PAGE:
There is one particular play that I loathe more than anything I’ve ever seen and I purposefully avoided writing a review of it. But to this day I consider it an irresponsible work that needed workshopping to be done without harming those involved or the audience members. People love provocation but not doing the work it takes to do it safely.
We’re all just emerging from the pandemic shutdown. Have you noticed anything different (aside from the masks)?
I was really hoping that the theater at large would make more of an effort to change after the pandemic, the calls for action from the community and the pressure from We See You W.A.T. would activate larger efforts on the theaters to make lasting change. While there have been a few steps forward, the American theater really needs to address the equity issues across the board and listen to its communities–not just its funders.
When I was in New York City recently I saw Thoughts of a Colored Man and was blown away. The first new play of the season on Broadway with a Black cast and writer (that has apparently never happened before) should be a sign of further steps towards dismantling the inherent white supremacy of the American theater, but only time will tell.
What are some of the issues in BEID that particularly concern you as a person and as a critic?
Representation and learning.
As a white woman I’ve had a lot of unlearning and re-learning to do over the last few years regarding my own role in a white supremacist culture (and coming to terms with what that actually means). Making the theater and journalism a more welcoming, inclusive space is something I am actively working towards. I enrolled in a Writing, Rhetoric and Discourse graduate program to get a better understanding of how our words impact one another and our society to further this learning for myself.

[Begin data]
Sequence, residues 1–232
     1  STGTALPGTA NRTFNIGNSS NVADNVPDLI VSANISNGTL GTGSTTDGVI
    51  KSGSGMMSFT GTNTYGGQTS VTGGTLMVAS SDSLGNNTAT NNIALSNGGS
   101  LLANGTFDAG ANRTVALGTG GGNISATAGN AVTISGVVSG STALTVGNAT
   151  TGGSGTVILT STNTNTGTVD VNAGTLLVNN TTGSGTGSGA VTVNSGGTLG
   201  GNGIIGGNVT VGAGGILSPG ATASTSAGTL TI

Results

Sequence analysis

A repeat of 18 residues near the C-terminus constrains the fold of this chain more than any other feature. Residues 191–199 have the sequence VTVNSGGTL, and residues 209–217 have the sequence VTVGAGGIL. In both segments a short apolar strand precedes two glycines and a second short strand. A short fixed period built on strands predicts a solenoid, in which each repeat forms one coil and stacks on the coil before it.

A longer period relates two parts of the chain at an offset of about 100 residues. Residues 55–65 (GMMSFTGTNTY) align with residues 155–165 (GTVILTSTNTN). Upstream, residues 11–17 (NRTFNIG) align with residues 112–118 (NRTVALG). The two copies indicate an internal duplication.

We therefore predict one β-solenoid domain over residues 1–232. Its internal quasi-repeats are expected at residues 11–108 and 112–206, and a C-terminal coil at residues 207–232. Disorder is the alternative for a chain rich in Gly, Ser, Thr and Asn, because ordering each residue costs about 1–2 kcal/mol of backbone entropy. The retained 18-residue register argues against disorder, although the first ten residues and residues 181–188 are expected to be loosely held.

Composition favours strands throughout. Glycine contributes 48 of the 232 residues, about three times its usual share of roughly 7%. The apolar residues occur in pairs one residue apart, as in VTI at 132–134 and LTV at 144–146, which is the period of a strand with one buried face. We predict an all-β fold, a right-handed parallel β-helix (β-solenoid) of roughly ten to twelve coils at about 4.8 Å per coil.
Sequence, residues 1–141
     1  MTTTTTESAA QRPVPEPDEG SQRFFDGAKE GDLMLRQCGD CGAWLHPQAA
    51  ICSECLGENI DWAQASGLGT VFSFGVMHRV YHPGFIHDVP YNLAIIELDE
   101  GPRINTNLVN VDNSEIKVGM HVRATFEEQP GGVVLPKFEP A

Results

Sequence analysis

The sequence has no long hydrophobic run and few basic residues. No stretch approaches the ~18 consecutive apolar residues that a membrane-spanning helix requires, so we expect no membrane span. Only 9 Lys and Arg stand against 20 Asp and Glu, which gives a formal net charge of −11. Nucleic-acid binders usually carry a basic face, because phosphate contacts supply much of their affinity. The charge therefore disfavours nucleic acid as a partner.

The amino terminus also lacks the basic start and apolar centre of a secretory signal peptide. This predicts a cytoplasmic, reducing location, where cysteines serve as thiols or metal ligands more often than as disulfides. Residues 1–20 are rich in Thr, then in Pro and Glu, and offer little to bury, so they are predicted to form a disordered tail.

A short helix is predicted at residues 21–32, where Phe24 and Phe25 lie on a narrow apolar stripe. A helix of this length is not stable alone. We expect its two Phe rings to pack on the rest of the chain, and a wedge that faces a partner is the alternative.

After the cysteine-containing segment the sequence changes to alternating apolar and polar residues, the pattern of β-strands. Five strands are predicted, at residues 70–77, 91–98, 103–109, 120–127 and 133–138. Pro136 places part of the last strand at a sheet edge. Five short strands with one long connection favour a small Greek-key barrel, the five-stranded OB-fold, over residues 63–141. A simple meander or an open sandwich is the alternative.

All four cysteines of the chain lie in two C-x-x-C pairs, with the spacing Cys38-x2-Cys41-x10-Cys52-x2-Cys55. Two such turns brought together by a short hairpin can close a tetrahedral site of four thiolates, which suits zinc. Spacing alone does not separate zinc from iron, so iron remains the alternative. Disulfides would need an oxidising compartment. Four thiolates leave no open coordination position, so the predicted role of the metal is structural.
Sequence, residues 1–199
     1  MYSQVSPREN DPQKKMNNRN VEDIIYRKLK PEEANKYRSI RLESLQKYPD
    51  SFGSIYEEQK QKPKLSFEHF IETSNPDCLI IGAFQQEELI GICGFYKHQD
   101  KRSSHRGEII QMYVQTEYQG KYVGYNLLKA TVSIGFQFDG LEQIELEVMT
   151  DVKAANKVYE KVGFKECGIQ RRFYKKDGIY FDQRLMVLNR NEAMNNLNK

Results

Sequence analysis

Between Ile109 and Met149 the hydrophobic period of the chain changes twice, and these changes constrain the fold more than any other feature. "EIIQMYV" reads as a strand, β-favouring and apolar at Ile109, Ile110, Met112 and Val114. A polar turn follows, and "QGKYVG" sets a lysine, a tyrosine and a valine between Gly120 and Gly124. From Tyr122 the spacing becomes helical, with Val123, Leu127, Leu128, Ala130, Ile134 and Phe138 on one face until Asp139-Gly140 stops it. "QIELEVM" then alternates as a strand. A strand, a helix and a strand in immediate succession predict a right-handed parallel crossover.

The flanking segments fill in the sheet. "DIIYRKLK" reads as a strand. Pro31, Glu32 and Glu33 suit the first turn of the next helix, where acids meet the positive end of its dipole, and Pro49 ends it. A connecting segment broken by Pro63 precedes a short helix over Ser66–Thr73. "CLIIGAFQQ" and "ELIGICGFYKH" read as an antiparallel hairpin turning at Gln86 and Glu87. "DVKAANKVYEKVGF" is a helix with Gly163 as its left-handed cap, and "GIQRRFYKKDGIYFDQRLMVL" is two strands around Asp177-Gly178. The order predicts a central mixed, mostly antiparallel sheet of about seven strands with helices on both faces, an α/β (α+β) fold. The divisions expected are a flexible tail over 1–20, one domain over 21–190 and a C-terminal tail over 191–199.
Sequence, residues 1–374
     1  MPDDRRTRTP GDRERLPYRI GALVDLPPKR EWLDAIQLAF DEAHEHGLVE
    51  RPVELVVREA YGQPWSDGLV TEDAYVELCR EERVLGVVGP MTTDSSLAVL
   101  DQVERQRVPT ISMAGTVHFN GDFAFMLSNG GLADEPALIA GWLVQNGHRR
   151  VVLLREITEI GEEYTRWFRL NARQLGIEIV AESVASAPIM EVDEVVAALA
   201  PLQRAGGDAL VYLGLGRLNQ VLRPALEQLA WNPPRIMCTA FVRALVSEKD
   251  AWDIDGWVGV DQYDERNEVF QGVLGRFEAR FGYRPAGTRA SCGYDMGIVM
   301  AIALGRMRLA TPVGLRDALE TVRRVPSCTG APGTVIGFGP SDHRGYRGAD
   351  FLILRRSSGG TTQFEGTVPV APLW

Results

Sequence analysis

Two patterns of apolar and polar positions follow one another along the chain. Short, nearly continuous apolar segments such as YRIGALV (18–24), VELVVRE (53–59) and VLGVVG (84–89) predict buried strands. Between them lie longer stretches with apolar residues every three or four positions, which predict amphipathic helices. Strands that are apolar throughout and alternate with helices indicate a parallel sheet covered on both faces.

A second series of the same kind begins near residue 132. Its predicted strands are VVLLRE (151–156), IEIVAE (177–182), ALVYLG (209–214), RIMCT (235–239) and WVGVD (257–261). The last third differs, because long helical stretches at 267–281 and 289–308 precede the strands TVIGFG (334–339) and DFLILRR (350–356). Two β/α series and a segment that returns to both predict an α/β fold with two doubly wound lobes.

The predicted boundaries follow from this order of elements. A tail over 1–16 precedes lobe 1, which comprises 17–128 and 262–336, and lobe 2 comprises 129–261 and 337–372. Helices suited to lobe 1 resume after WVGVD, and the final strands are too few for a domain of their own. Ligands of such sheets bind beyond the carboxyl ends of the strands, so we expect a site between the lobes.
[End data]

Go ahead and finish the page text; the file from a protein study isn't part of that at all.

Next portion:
Because of the work of the BEID committee, ATCA is a much different organization than it was 5 years ago. I’m so proud of my colleagues and friends for taking on this heavy lifting. I hope we continue to make this an organization that represents the future of the theater and not its past.
Tell me something about you and/or your work that doesn’t fit under any of the other questions.
Thanks to a personal essay I published the week of shutdown in 2020 I’ve discovered a niche in writing about sexuality representation. I have also pivoted some of my work to revolve around travel writing! My website Dream Suitcase is launching in a few weeks and will cover LGBTQIA+, size inclusivity and the lesser talked about parts of travel that other sites aren’t covering. I’m excited to take on this new endeavor with one of my best friends by my side.
Please link one or two reviews/articles about which you feel proud.
A Fine Welcome Home: Kinky Boots This was my very first review back after the COVID hiatus.
Not So Plain, Not So Simple: Plainclothes This play went on to win the ATCA Osborn prize for new playwrights. It was the first review I ever wrote that made me feel like I really made a difference as a critic.
– Interview by Karen Topham. Edited for length and clarity.